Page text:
For more than 11 years, Jon Ruiz has worked as Eugene’s city manager. As he looks at turning 61 in October, Ruiz says he’s stepping down as city manager because he’s at a stage in life where he’s interested in pursing other interests. He says Eugene needs a consistent leader to take the city through its next development period.
His work as city manager hasn’t gone without criticism. A city employee, he’s been said to strongly influence city policy and has been said to be in charge of the elected councilors.
Ruiz’s long tenure and positive performance reviews from the City Council have led to a substantial paycheck. When Ruiz started as city manager, he received an annual salary of $162,150. A decade after council-approved raises, he now receives $241,000, earning an hourly wage of $115.94.
Despite being one of the longest-serving city managers in the city’s history, the Sept. 5 email announcement of his Oct. 18 retirement date gave the council little notice of his departure, especially when contrasted with the six-month notice former Springfield City Manager Gino Grimaldi gave of his July retirement.
Councilor Betty Taylor says she was told the morning before his afternoon email to colleagues, which was then leaked to media outlets. Councilor Chris Pryor says he was out of town the day Ruiz made his announcement — but was told by Ruiz before he left town.
Ruiz says he’s leaving because the city is entering a new phase that requires consistent leadership to follow through on established plans.
This includes carrying out the Technical Assistance Collaborative Report recommendations on pathways out of homelessness, hosting the IAAF Track and Field Championships, establishing affordable housing while growing the local economy and keeping Eugene unique.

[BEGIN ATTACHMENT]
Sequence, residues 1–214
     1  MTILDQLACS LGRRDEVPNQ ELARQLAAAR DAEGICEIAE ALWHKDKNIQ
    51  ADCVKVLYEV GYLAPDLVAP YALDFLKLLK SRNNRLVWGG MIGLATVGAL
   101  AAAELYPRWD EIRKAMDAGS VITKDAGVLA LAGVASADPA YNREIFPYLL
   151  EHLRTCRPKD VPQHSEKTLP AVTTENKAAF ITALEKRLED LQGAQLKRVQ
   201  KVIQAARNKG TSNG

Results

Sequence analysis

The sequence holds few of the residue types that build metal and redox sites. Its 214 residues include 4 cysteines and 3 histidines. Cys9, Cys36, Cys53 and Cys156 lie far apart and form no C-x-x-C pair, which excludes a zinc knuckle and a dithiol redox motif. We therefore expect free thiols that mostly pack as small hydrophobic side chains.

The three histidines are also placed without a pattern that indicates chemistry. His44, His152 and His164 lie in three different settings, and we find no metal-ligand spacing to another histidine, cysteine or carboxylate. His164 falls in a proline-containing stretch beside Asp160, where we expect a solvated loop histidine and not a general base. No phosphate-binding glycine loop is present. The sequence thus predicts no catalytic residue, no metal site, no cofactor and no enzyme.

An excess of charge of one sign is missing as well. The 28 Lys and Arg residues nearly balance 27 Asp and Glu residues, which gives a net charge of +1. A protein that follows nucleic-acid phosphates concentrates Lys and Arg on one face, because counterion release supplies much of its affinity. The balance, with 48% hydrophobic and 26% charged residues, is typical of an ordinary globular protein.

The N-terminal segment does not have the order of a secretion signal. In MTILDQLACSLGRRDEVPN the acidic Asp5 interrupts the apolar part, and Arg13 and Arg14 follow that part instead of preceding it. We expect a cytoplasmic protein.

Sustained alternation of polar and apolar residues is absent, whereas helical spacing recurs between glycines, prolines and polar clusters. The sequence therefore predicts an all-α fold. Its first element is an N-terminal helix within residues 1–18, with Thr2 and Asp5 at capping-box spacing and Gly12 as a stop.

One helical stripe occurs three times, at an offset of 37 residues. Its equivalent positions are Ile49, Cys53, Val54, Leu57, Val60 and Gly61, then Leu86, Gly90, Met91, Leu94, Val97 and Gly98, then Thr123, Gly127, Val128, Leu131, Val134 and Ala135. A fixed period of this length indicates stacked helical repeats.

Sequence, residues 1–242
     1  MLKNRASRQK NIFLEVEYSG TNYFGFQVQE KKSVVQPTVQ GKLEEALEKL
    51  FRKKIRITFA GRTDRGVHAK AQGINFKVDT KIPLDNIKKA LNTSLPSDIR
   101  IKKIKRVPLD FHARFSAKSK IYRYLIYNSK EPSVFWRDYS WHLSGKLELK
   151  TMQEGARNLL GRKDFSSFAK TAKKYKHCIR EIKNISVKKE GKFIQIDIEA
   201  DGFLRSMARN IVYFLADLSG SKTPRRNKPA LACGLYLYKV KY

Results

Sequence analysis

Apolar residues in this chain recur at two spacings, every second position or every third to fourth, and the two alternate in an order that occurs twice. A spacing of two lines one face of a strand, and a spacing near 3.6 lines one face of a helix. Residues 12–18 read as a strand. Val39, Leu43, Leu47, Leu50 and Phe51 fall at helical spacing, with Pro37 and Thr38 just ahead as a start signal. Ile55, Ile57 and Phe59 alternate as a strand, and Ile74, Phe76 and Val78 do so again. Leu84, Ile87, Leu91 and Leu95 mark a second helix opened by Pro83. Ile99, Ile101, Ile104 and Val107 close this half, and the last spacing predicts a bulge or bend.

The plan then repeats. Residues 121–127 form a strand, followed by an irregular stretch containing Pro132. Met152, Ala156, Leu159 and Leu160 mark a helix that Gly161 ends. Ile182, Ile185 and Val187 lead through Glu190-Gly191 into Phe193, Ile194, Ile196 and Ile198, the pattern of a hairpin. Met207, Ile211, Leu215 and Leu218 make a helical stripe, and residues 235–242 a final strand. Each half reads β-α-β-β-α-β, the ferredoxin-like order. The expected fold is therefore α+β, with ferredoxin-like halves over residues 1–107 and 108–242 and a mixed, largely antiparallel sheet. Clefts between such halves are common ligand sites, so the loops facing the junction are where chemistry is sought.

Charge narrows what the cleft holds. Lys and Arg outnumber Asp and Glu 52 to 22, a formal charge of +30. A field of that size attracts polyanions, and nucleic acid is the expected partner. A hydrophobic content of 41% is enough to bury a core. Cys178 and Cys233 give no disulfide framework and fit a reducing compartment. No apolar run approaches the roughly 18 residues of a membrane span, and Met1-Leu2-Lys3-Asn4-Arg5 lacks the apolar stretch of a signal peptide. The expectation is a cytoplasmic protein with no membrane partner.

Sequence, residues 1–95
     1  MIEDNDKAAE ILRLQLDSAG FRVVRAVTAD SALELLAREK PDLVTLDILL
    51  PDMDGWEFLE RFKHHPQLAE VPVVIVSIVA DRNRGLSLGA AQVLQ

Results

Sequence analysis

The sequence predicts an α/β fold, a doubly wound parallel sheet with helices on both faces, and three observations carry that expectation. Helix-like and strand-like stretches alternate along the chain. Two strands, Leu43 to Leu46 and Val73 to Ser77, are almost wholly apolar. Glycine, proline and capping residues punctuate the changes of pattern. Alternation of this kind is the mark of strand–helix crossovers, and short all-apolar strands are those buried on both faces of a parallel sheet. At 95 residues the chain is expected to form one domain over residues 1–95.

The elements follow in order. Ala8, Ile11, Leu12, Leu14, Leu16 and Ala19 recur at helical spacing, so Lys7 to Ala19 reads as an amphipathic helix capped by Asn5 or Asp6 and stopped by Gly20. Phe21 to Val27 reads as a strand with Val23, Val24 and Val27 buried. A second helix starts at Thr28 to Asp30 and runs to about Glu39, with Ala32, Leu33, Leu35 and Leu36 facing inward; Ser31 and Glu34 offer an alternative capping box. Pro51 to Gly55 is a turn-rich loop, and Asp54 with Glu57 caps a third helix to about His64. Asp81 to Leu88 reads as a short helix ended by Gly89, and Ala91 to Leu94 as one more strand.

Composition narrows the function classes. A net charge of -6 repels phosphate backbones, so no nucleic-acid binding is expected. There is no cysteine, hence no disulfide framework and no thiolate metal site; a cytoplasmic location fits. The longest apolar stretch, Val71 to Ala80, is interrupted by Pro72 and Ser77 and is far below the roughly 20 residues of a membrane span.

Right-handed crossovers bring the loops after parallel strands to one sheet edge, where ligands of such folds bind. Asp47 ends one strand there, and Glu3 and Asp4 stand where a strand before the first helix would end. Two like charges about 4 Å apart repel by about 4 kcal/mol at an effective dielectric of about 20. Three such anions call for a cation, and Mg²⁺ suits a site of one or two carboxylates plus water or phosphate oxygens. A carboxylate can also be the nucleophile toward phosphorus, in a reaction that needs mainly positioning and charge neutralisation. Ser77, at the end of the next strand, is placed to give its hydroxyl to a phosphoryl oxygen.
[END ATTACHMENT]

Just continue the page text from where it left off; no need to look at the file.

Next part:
“There are paths that are already set and we just have to keep working on them and figuring out how to keep moving them forward in creative ways,” Ruiz says.
It’s not that he doesn’t think he can provide the leadership to execute the plans — he just would rather move on with his life.
Former Councilor Bonny Bettman McCornack has been a critic of Ruiz since he was hired. She voted against his appointment. She says Ruiz set out to have complete control and was definitely “the boss of council” who “carried water for Eugene’s elite.”
“He prioritized downtown over other deserving areas of the city,” she says in an email to Eugene Weekly. “He drastically reduced the information available for the budget process and manipulated the public input. He wasted tens of millions of dollars on the City Hall fiasco. He gave developers and speculators sweetheart deals.”
In April, months before he announced his retirement, Ruiz spoke to EW about the role of city manager in government.
He said he didn’t agree with the assessment that he controls the City Council as city manager.
“My responsibility is to carry out the agenda of the majority of the City Council,” he said.
However, he said he does think it’s city staff’s responsibility to offer the council their best professional judgment.
“When I make a recommendation, it’s really trying to represent our staff and myself what we believe is professionally the best course of action for whatever that happens to be,” he said.
He said he has to be comfortable with any recommendation he makes to the council. The council sets policy. The city manager’s job is follow through and implementation.
Ruiz said he takes public criticism during council meetings as a learning opportunity.
“The only way we can change behavior and perspectives is, you have to learn something new,” he said. “Sometimes it’s not comfortable, but people are expressing themselves.”
As cities such as Seattle and San Francisco grapple with housing and living costs skyrocketing amid a prosperous tech industry, Eugene has the opportunity to benefit by attracting tech companies to the area, Ruiz says.